Some Coral Species might be More Resilient to Climate Change than Previously Thought
Published:01 Mar.2024    Source:Oregon State University

Some coral species can be resilient to marine heat waves by "remembering" how they lived through previous ones, research by Oregon State University scientists suggests. The study, funded by the National Science Foundation, also contains evidence that the ecological memory response is likely linked to the microbial communities that dwell among the corals. The findings, published today in Global Change Biology, are important because coral reefs, crucial to the functioning of planet Earth, are in decline from a range of human pressures including climate change, said the study's lead author, Alex Vompe.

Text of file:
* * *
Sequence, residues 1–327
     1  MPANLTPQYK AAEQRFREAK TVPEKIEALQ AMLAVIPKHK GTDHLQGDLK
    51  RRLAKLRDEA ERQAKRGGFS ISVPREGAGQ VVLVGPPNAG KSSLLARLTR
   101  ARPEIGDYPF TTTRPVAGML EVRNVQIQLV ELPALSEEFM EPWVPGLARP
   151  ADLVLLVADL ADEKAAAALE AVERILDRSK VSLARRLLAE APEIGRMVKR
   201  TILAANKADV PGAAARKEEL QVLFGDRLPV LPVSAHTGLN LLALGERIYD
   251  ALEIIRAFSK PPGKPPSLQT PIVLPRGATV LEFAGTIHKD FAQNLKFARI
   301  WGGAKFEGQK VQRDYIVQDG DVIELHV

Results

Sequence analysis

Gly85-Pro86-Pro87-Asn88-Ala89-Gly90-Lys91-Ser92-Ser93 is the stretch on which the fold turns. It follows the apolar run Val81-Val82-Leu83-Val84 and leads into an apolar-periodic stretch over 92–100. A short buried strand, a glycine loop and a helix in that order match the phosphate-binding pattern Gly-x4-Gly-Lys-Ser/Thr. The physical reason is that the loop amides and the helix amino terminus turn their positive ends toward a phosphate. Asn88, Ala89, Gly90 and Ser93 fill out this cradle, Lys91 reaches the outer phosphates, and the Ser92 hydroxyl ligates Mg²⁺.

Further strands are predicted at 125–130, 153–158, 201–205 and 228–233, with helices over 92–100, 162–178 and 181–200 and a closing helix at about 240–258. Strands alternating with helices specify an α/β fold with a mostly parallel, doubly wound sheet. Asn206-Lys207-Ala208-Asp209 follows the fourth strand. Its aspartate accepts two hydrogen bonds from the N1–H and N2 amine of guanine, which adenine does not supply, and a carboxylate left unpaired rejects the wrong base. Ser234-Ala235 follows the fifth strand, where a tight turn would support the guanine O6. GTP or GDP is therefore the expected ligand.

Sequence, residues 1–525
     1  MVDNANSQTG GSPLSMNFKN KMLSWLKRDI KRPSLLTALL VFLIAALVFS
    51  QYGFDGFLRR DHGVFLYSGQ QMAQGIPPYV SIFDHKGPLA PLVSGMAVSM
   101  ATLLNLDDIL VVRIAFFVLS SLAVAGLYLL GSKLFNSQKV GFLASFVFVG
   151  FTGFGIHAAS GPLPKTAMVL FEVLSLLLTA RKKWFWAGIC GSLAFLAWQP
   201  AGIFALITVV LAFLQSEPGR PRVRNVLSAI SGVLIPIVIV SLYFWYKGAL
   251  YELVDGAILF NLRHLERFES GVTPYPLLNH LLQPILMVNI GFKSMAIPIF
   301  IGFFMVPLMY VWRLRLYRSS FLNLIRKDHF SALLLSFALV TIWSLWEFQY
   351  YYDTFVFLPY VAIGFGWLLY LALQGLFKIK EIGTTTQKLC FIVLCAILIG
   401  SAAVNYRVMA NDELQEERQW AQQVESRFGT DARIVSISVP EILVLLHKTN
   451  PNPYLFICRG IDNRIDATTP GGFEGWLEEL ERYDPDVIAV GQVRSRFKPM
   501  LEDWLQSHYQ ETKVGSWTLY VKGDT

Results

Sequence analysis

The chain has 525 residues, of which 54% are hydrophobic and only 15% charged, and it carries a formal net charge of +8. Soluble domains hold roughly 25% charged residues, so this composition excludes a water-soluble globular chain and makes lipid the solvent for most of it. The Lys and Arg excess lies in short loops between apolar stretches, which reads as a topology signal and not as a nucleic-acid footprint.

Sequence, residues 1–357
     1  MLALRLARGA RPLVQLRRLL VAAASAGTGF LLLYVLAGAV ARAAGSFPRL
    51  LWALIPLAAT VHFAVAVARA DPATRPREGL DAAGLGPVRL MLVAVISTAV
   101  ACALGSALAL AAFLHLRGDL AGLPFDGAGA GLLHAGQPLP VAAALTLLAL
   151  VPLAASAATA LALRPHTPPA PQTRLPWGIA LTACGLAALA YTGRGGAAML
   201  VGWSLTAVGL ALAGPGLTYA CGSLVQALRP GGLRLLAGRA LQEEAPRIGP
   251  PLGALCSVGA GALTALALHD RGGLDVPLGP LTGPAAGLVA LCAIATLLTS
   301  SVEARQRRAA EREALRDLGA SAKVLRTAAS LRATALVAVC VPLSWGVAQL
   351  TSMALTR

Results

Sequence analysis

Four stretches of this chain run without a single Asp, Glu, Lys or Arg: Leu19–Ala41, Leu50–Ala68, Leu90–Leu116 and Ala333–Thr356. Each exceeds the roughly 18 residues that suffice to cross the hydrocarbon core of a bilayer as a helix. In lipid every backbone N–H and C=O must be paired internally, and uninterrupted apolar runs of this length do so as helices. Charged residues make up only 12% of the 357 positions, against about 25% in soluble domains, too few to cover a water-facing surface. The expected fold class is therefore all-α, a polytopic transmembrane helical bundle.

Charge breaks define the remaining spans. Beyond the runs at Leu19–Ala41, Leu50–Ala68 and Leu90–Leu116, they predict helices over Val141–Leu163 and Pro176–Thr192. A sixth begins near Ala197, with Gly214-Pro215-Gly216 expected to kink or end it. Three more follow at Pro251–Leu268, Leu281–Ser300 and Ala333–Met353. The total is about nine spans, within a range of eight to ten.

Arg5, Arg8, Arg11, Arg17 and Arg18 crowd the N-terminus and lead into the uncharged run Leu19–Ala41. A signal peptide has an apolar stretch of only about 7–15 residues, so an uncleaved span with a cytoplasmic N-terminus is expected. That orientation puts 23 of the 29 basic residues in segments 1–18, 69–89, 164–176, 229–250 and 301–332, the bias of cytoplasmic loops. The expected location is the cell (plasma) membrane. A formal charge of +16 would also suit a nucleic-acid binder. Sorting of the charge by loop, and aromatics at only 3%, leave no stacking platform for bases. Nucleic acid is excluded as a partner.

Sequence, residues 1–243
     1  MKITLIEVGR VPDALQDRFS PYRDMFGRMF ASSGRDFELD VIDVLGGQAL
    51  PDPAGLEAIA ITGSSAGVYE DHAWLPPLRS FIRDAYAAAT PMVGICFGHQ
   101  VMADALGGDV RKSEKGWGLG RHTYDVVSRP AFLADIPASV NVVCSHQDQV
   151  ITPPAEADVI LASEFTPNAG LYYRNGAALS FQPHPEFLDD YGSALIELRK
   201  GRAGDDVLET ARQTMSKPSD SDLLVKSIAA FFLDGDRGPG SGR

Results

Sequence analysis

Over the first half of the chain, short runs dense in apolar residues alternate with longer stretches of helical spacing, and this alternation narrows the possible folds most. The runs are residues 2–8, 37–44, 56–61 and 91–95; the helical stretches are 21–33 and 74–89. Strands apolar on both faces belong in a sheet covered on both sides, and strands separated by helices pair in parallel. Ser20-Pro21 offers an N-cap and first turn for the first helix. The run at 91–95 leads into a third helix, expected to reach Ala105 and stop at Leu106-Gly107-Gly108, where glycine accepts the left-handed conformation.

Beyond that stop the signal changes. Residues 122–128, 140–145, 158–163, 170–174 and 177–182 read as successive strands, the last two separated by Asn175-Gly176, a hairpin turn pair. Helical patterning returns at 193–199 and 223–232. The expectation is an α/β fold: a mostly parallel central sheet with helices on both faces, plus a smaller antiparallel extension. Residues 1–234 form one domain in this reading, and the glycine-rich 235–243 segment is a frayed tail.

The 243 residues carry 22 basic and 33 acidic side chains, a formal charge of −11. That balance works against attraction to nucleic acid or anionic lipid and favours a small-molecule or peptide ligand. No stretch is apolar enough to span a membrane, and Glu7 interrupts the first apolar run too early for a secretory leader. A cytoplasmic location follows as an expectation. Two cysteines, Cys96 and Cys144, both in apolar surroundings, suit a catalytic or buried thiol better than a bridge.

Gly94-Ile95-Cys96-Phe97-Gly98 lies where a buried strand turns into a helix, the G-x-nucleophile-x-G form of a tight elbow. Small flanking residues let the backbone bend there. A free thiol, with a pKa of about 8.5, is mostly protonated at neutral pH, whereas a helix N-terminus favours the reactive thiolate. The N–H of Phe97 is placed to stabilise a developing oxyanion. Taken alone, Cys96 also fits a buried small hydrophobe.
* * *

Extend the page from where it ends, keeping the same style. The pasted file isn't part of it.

It is vital to understand how quickly reefs can adapt to ever more frequent, repeated disturbances such as marine heat waves. The microbiomes living within their coral hosts might be a key component of rapid adaptation. Heat waves are likely to increase in frequency and severity because of climate change. Slowing down the rate of coral cover and species loss is a major conservation goal, and predicting and engineering heat tolerance are two important tools.


Knowing the role microbes play in adaptation can inform coral gardening and planting efforts, Vompe said. A deeper understanding of the microbial processes, and the organisms responsible for ecological memory, can also aid in developing probiotics and/or monitoring protocols to assess and act on the quality of ecological memory of individual coral colonies.